Customers who respond to the survey receive $25 gift cards, and employees with exceptional customer service rating on the surveys receive a $1,500 to $2,500 year-end bonus. In Johnson's world, good service merits financial rewards. He says that about 35 percent of employees' take-home pay is incentive-based, determined by both their success and the company's success.
"We post those numbers daily. Everybody knows where they stand as far as the Net Promoter Score. They can see if they're doing well or if they need to shore up their customer service. That is tied into our mission statement: "Pleasing customers so much that they become active promoters of our company."
Johnson says that word-of-mouth referrals remain the best way to attract new clients, but not a lot of companies promote it well. This year, the company has added more than 2,000 new sales, the majority of which came by word-of-mouth.
Another component of Lawn- America's success is that the company sticks to its niche business, Johnson points out. "We're just a good old-fashioned spray company: fertilization and weed control," he says. "We do it really well. We do some auxiliary services, such as fescue seeding, core aeration, tree and shrub care, perimeter pest control. These are standard optional services that most lawn care companies do. We draw the line as far as maintenance, mowing, landscaping and sprinkler systems. We refer that to other companies."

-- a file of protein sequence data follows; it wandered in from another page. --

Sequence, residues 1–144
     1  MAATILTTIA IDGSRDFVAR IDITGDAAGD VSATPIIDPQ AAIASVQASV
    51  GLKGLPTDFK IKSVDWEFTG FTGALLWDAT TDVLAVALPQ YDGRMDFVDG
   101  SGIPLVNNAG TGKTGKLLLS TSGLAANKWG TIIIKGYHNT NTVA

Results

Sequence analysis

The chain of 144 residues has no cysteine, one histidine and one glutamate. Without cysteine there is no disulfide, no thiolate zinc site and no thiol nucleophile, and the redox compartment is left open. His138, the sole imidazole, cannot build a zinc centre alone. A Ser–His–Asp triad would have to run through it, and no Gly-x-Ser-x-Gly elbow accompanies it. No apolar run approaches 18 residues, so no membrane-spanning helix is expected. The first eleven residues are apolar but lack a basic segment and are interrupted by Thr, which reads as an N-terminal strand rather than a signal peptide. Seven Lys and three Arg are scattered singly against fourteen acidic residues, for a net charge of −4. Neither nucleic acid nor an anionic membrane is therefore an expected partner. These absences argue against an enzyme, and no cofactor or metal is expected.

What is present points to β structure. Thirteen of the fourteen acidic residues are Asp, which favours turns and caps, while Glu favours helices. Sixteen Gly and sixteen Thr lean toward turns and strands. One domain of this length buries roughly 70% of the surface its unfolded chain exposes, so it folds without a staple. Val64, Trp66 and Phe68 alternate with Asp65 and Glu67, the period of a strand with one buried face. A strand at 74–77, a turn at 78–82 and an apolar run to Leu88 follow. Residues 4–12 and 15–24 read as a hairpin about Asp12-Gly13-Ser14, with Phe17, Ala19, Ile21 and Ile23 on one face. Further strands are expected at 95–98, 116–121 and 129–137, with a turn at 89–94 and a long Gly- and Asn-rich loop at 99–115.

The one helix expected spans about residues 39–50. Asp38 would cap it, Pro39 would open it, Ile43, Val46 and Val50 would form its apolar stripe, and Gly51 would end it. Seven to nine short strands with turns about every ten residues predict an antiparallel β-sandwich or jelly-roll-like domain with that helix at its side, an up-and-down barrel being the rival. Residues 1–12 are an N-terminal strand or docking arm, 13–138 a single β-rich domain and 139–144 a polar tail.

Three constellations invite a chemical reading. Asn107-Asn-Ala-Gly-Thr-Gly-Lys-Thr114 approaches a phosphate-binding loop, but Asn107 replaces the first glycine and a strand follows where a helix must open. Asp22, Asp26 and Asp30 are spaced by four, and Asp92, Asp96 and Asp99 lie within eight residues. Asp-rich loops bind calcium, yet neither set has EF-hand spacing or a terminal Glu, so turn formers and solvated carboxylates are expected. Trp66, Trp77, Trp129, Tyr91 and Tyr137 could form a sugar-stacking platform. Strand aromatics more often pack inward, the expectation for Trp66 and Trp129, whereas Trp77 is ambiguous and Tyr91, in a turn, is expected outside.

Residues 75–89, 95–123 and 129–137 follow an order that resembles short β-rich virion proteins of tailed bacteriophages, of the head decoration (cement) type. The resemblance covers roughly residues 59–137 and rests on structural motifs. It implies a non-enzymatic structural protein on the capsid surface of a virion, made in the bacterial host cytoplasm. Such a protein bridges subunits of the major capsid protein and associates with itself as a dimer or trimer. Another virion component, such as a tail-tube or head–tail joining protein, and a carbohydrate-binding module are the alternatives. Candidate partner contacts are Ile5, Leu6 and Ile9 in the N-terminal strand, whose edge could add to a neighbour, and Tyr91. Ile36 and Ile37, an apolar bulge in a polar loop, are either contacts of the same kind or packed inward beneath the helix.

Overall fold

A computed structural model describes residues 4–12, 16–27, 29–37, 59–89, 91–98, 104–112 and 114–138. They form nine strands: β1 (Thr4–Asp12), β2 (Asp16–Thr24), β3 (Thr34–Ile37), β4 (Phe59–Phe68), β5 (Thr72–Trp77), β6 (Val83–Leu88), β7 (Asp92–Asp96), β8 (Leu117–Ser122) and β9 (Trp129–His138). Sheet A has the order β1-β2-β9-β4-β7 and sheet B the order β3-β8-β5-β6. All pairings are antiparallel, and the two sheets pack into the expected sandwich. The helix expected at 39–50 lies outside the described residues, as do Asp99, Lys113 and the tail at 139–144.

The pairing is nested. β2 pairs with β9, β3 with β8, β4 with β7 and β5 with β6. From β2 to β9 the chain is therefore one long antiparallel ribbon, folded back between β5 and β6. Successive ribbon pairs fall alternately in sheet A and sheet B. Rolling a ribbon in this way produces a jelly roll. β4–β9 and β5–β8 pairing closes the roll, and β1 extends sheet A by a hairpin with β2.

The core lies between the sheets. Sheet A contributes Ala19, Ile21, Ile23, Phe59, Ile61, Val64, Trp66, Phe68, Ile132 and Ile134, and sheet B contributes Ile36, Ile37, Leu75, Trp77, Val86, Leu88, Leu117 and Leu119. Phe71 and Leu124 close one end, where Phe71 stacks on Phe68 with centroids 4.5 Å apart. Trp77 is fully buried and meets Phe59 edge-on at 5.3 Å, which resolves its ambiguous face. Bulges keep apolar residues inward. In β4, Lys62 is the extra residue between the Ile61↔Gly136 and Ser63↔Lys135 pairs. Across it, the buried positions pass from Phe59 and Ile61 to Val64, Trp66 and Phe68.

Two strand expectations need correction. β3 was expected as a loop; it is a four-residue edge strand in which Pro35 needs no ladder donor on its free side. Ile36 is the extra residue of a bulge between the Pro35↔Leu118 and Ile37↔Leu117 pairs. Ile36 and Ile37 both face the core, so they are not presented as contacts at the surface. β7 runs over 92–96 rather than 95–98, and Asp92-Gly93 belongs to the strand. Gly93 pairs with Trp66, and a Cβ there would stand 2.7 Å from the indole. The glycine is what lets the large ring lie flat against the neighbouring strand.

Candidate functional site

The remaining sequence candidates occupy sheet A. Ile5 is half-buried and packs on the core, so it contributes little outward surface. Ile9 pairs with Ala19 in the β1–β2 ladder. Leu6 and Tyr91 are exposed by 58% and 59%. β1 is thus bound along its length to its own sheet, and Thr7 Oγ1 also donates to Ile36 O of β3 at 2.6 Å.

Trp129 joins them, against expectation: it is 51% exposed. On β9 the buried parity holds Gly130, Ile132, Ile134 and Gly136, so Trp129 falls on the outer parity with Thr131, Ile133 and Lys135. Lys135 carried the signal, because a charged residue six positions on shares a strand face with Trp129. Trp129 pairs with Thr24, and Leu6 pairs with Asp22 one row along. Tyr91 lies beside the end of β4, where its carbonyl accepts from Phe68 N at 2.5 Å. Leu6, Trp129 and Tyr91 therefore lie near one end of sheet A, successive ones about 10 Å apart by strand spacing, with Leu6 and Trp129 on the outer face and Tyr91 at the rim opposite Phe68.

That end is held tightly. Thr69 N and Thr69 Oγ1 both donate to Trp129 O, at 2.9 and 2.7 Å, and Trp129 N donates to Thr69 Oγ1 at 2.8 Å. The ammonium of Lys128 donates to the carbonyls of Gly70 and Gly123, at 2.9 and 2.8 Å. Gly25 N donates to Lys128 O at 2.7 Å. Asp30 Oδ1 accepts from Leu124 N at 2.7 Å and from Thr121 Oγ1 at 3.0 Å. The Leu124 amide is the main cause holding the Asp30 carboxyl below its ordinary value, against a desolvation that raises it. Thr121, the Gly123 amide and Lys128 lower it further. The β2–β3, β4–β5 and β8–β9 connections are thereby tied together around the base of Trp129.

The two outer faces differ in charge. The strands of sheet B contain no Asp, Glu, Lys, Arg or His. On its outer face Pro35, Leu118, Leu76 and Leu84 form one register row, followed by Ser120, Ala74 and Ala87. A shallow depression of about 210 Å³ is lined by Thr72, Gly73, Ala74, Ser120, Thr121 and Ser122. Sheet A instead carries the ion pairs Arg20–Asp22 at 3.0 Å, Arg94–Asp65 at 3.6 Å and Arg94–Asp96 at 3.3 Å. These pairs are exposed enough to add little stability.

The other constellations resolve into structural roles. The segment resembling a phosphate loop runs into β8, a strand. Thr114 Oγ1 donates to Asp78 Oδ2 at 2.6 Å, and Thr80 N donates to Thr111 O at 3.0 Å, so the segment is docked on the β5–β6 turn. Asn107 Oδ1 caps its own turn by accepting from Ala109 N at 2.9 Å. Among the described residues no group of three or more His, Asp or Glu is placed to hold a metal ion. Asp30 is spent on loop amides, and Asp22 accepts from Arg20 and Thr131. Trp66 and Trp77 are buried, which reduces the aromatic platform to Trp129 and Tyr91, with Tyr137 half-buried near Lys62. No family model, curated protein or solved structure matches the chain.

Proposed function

He admits that LawnAmerica has lost business to maintenance contractors that offer lawn care, too. The company also loses business to clients who want all of their property services done by a single company. Even so, Johnson insists his company is busy enough offering just lawn care and related services.
Johnson says he is open to and uses both traditional and organic fertilizers, but adds that the industry has lost some "good products" due to regulations. "I've always believed in the benefit of organic fertilizer. We've always incorporated some organic content into most of our fertilizers," he says. "Last summer in the drought we switched to a product that was 60 percent organic because of its safety aspect." While Johnson finds that organics are beneficial to lawns, he cites their costs as one of the main reasons that he doesn't promote them more aggressively.